Tricia Denton


Last November, the residents of Leelanau County approved an early childhood millage to support expanded services for the county’s young children and their families.

Leelanau’s County Commission contracted with Benzie-Leelanau Health Department to design and provide initial programming starting in March. So, even as the coronavirus pandemic spread throughout our country, our families began receiving services. While Leelanau’s young families may not be directly suffering from COVID-19, they are feeling the effects of related unemployment and, if still working, of limited childcare options. Many have the additional responsibility of home schooling their children, even as they’re working from home themselves.

This additional stress compounds physical and mental health problems that families already may have been experiencing. The community health workers and social worker, contracted through millage funding, are communicating with families by phone, texting and video platforms, providing outreach and also responding to specific requests. In combination with the public health nurses and social worker, they are offering early intervention and prevention that is both family-focused and available close to home. Intervention and prevention take many forms, ranging from offering families specific guidance and referrals to helping them access basic necessities.

One recent example of family support, available in part because of the millage, is that of a parent who received an outreach message shortly after she and her husband became unemployed. It took this mother several weeks to respond as she was reluctant to ask for assistance. While her immediate need was baby formula, she had not yet received any unemployment benefits. She needed help in following up on her filing, as well as meeting basic family needs due to lack of income.

In addition to receiving guidance about getting these needs met, she also received a “care package” delivered to her porch that included baby formula, books, art supplies and materials about activities to do with children and about self-care for parents. This package was the result of collaboration between the Health Department, Power Book Bags and Leelanau Christian Neighbors. This parent’s outcome was made possible through a combination of millage, government and nonprofit funding and dedicated staff and community organizations working together.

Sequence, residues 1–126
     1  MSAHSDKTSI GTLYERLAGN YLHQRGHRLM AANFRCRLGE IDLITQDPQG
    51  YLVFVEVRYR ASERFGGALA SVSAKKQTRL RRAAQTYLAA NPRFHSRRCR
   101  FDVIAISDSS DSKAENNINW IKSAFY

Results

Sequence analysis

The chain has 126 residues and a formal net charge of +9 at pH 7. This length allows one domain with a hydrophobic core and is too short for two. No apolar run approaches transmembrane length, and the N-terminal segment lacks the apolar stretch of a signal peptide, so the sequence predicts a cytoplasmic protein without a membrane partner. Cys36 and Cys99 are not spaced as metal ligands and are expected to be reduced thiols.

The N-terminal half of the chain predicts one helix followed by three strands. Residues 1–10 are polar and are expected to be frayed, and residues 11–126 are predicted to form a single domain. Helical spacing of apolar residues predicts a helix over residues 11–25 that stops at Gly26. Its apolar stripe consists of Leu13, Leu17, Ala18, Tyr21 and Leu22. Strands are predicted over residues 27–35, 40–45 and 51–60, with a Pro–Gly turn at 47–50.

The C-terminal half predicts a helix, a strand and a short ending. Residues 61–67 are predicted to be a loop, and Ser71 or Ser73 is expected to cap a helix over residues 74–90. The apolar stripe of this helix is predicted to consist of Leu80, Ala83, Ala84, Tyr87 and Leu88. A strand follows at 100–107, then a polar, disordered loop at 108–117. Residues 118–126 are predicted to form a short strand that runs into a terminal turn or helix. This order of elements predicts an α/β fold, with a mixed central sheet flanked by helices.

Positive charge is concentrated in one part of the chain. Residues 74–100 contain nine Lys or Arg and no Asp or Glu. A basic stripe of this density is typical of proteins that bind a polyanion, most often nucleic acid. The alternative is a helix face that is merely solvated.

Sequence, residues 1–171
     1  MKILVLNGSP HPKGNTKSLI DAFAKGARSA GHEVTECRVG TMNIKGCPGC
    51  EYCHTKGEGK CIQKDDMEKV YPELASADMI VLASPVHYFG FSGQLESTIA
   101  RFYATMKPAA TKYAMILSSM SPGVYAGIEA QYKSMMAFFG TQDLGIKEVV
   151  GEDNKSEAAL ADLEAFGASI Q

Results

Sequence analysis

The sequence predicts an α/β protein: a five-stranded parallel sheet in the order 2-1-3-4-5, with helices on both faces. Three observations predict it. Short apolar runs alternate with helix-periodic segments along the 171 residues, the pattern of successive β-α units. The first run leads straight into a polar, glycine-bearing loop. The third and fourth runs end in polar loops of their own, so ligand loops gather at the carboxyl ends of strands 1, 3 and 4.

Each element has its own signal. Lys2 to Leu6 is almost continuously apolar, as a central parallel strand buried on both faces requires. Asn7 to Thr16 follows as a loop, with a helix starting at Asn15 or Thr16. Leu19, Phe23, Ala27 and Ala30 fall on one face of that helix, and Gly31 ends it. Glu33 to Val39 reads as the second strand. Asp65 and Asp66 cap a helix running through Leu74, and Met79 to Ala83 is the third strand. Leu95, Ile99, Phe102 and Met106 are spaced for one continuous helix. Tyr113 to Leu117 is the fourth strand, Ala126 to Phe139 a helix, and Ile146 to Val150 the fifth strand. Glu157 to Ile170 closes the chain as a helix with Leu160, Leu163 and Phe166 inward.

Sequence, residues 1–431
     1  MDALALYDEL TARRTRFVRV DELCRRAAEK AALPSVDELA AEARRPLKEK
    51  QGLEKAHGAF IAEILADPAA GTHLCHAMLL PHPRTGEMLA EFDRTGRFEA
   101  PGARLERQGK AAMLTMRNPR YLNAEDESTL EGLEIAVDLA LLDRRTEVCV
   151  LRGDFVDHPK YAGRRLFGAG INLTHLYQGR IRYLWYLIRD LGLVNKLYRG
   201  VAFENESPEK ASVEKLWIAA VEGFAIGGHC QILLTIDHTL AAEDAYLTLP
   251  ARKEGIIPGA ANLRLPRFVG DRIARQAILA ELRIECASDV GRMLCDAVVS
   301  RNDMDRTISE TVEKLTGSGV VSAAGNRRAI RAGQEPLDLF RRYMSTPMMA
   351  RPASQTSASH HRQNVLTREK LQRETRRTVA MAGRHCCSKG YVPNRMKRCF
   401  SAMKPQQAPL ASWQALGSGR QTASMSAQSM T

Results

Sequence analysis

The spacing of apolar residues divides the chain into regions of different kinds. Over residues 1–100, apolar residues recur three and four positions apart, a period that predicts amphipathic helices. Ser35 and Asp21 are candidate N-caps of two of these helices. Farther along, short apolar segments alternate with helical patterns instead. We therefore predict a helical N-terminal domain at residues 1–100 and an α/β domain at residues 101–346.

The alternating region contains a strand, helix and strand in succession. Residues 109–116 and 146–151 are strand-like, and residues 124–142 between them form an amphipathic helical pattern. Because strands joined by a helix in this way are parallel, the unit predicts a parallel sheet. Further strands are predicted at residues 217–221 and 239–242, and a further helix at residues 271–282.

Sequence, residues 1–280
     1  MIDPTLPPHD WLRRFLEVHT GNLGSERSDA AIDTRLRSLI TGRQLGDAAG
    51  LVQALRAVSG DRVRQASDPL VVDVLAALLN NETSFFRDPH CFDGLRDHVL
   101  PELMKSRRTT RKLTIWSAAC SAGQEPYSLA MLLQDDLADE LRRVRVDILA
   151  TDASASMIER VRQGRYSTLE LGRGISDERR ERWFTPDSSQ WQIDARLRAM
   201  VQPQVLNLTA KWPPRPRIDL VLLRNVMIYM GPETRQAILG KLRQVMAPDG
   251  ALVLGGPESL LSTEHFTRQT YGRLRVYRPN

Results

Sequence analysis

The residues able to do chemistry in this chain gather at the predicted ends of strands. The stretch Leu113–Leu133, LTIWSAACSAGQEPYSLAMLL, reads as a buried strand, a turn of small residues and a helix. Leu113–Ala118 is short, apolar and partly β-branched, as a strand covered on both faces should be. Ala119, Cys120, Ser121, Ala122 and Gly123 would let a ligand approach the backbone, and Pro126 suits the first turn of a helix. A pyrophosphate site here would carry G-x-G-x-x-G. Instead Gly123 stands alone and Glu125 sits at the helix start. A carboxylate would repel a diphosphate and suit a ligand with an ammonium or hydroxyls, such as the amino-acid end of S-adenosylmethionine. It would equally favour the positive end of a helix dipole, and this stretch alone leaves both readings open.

The League of Women Voters Leelanau County supported the early childhood millage as part of its education and advocacy role in supporting public policy positions. Since 1920, the League of Women Voters has been an activist, grassroots organization whose leaders believe that people should play a critical role in democracy. One of the League’s guiding principles is that responsible government should share in solving economic and social problems that affect the public’s general welfare.

This solution orientation includes supporting a system of comprehensive and coordinated services for all children and families, a system that provides basic resources for an adequate quality of life. The early childhood millage funding is helping Leelanau’s families with young children access preventative and protective health services in both the physical and behavioral realms. We can all be proud that our county has chosen to support our young children. We all benefit from their well-being — both now and in the future.

About the authors: Tricia Denton is the president of the League of Women Voters Leelanau County.

Sue Miller chairs the Early Childhood Needs and Service Committee of the LWVLC.

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